9:45 a.m. in the parish hall
Our Sunday Forum series will explore multiple methods of prayer each week that you are invited to “try on” as possibilities to begin or to enrich your own daily spiritual practice.
March 10: Lectio Divina and Visio Divina
Lectio Divina: Reading with the Ear of the Heart
Lectio Divina is an ancient Christian practice in which one reads a small passage of scripture, trusting in God’s presence and relevance in daily experience. Lectio Divina is not about acquiring head knowledge of Scripture, but is about a personal encounter with the heart of God inspiring one’s attention and already praying through the reader.
Visio Divina: Seeing with the Eye of the Heart
Visio divina shares roots with the ancient practice of lectio divina, inviting one to encounter the divine through images. A prayerful consideration of and interaction with a photograph in the magazine, icon, piece of art, or other visual representation allows the viewer to experience the sacred in unique and powerful ways.
March 17: Centering Prayer and Walking Meditation
This session in the Lenten discussion of prayer and meditation will focus on two other ways to simply show up with God. One is quiet and still while the other gets us moving in our meditation. Continue reading
Voter registration will be offered after Sunday morning services.
September 23:Voter Registration and Our Faith, Our Voice, Our Choice
Volunteer Deputy Voter Registrar Veronica Nasser of Bellaire, TX, will describe the work of voter registrars, how they organize to go out into the community to register voters and the challenges in doing so. She will speak from her eight years of experience and her outreach in explaining how voting translates into what happens in our communities. Veronica Nasser is a native Houstonian and the owner of Blue Industrial Partners, LLC, natural gas sector company. She is also the Harris County Democratic Party Precinct Chair for Precinct 0182.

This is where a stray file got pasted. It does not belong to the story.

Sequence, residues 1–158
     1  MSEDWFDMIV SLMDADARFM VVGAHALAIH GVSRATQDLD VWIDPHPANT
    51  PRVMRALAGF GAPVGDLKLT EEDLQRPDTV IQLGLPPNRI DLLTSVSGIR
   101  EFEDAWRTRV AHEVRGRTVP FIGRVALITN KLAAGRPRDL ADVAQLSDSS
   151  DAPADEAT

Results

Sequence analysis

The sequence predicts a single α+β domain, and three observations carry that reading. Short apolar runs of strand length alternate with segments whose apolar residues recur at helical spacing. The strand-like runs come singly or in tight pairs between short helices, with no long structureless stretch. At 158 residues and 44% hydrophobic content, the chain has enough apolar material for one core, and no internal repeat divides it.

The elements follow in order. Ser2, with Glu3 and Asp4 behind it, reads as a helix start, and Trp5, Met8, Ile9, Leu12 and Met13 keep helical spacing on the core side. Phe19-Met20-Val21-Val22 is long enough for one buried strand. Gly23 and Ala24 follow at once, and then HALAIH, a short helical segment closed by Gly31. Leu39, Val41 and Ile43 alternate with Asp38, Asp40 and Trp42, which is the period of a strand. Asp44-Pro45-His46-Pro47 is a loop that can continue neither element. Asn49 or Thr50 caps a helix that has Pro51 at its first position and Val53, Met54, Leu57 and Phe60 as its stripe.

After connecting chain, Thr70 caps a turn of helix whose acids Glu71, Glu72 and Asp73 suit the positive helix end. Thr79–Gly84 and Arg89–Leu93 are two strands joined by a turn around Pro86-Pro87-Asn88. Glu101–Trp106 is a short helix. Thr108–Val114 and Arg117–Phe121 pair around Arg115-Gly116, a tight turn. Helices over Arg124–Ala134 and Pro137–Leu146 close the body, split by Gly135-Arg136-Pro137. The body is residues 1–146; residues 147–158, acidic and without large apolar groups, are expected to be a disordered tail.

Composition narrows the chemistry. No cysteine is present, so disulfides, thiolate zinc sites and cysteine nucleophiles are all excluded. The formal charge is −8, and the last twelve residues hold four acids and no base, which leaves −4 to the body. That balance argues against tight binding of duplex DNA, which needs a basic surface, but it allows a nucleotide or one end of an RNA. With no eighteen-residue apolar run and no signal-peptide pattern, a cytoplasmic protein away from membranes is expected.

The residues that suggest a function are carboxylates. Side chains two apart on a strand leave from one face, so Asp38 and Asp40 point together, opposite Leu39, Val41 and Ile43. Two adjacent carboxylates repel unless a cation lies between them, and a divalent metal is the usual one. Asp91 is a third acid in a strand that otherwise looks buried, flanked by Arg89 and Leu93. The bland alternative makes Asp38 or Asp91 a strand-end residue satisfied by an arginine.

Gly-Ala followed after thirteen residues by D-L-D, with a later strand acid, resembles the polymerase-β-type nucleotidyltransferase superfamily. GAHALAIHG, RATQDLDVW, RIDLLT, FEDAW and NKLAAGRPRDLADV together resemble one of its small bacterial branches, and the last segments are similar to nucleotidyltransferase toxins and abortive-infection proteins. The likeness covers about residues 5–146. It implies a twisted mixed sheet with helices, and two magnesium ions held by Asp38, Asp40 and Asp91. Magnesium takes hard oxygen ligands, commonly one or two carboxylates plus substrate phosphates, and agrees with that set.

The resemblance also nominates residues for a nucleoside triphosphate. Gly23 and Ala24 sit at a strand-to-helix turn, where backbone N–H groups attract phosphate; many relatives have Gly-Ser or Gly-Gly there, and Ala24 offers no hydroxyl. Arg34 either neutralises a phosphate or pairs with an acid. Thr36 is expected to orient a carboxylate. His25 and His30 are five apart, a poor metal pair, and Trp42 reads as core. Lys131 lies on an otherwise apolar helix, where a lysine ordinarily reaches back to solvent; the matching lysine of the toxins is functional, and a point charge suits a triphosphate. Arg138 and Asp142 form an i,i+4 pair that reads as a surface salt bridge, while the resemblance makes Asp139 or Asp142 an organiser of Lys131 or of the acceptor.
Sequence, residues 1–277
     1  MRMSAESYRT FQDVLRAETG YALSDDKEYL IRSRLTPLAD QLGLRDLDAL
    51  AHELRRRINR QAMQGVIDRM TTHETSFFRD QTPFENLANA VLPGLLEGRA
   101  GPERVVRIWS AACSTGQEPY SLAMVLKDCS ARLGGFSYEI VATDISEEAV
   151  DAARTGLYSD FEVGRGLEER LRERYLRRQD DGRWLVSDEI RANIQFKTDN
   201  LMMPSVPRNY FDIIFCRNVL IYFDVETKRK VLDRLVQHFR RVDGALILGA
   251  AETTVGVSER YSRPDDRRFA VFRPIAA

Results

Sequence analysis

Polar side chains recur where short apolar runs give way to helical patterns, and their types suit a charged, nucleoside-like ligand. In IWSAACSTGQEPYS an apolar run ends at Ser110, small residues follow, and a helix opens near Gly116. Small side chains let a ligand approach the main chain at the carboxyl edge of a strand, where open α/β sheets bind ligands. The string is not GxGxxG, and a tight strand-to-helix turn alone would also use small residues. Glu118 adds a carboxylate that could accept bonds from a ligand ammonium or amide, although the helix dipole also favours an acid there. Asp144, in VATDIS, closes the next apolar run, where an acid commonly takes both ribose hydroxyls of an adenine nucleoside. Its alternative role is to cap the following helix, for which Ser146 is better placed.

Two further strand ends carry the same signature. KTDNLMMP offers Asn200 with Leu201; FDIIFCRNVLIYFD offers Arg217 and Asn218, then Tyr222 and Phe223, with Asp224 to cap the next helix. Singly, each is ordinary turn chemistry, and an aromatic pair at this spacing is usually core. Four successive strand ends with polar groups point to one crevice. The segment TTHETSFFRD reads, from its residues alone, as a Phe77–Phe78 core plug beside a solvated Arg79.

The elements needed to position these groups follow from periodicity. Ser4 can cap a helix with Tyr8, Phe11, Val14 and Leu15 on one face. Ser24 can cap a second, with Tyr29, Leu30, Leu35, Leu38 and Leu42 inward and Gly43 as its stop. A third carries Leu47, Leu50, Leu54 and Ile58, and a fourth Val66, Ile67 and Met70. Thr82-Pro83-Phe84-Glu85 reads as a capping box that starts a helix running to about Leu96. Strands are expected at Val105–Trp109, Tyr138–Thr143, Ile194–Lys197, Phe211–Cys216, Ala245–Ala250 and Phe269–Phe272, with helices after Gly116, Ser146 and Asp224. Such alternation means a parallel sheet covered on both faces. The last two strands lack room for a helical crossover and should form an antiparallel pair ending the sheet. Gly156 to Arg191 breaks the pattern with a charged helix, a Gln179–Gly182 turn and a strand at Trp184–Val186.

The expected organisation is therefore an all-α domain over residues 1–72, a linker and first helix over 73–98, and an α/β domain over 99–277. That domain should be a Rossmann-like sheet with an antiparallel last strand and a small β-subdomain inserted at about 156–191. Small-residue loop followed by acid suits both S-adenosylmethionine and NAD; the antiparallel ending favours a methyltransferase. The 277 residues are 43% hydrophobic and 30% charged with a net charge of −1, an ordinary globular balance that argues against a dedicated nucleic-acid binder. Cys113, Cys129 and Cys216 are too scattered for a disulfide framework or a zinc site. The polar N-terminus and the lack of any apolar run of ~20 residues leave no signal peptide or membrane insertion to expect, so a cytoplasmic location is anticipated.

The summer book reviews are a beloved tradition as an educational offering on Sundays at 9:45 a.m. during the summer months.
July 2: Bill Pelham,
Burke and Demaret – The Wit and Wisdom of Golf’s Most Colorful Duo, by Bill Pelham
July 9: Carolyn Jacobs,
Making Sense of the Central African Republic, a collection of essays edited by Carayannis and Lombard Continue reading
A growing problem for military personnel, our civic protectors, and others is Moral Injury. Moral Injury most often erupts as a debilitating guilt suffered from an action one has done or witnessed that could not be avoided. MI can be related to, but is distinguishable from Post-Traumatic Stress. MI accounts for much of the increased suicide rate in combat veterans. Can people recover from MI? How can we as people of faith help those who suffer MI? Pastor Larson will introduce the topic on March 26. Whether you can recover damages for emotional distress in a lawsuit will depend upon state laws and the facts of the case. An emotional distress claim is usually brought by plaintiffs who have suffered extreme emotional suffering and trauma resulted from an intentional or accidental injury.
In several states, a physical injury must actually cause the emotional distress. In a minority of states, no physical injury is required if the emotional distress was caused by negligence.
According to the lawyers at Hughes & Coleman Injury Lawyers Louisville Review, you can sue for emotional distress when:
You witness the death or injury of a family member.
You are a bystander to an event that causes fear of death or injury and you are actually in the “zone of danger.”
The deceased body of a family member is mishandled.
The following Sunday Lee Thweatt will join Pastor Larson to lead more conversation about MI. Lee, a member of CTK and Vice-President of the Congregational Council, served as a United States Marine Judge Advocate General (military lawyer) and one of the Hughes & Coleman accident lawyers, and will share first-hand insights about MI.
Sunday Forum, February 26, 9:45 a.m. basement classroom
Conversations toward a Social Statement
Pastor Karin Liebster will lead a three week series reading and discussing the study Faith, Sexism, Justice. The study is a work by the ELCA Taskforce Women and Justice: One in Christ, put forth to all congregations of the ELCA as an invitation to engage in conversation on the topic. The task force writes, “countless people are suffering under the weight on injustice. … Many individuals and their families struggle emotionally, physically and economically because of the effects of sexism and patriarchy. These forces are personal, religious, social and economic. As member of the body of Christ … we are called to help all people live abundant lives that are just and sufficient – lives in which every individual and community is committed to the mutual values of respect, dignity, interdependence and equity.” Continue reading